To the editor:
If the decision by a grand jury to not indict Officer Darren Wilson on state criminal charges in the killing of Michael Brown didn’t move you to anger and tears, you may lack basic human empathy.
This is a complicated and layered situation. There are many important angles to it, many serious questions left unanswered and many people hurting on all ends.
I am not concerned with the finer details. I am not concerned with the autopsy reports and the so-called abrasions, I am not concerned with the criminal record of the young man in question and I am not concerned with the witness reports. I am concerned with a country that doesn’t even deem a black man’s life as worthy of a trial.
I am not interested in the “villain-ization” of Darren Wilson, a singular police officer. I am not interested in the condemnation of rioters. I am not interested in harmful blanket statements like “f*** the police” or “all the rioters deserve to be shot and arrested.” I am not interested in proving why Michael Brown deserved to live nor am I interested in being asked to qualify black life.
I am not interested in crafting a divisive, black and white narrative that perpetuates the “us vs. them” mentality that is destroying this country.
Look around you. These aren’t riots – this is a rebellion. This is violent resistance to continuous oppression and abuse of authority. This is the pent up reaction to an existence where black life is valued, respected and protected less than white life. Rather, black life in this country is targeted. Time and time again, from “accidental” killings to more blatant police brutality, it is shown that in this country, being black is crime enough.
This is why I’m not interested in the details. Yes, they’re important, and I have no doubt they will continue to be the focus of this issue. They’re more tangible, easier to decipher and more accessible. It’s easy for us to read reports on the actual incident and pick a side. What we struggle with are the real issues, like the fact that racism is not a thing of the past, but alive and well.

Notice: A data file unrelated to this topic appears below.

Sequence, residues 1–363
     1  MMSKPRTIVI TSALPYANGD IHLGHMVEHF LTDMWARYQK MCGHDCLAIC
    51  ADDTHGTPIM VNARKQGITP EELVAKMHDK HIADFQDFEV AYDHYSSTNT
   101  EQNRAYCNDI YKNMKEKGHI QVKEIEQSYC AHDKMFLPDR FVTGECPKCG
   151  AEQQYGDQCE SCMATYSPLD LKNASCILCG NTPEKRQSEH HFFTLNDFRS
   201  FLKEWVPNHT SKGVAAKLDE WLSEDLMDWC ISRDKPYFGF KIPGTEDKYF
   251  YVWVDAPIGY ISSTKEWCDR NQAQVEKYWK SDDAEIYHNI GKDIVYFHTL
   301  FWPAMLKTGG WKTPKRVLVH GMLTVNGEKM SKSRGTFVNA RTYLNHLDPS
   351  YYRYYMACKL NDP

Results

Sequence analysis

Though not as blatant as a “whites-only” water fountain, racism plagues this country with a far more dangerous subtlety than it has in the past. We live in a country where our most relied upon and trusted social structures – politics, education, the economy and the criminal justice system –have a powerful and striking undercurrent of racism and oppression. These are deeply embedded systematic issues, not singular disputes, and if we keep treating them as such we will never be able to incite large-scale change.
We shy away from the larger and more important issues because they’re heavy, murky, complex and most of all, because to address them would be to indict ourselves. We are so quick to blame, yet so unwilling to accept blame and address our accountability.
As it was happening, I could feel that the Ferguson decision was going to be a moment that reverberated in my heart for the rest of my life. I hope that it does the same for you. I take out of this tragedy the reaffirmed will to spend my life fighting for change.
In the words of the great black poet Langston Hughes, “I am so tired of waiting, aren’t you? For the world to become good, and beautiful, and kind.”
Sarah Laughlin ‘14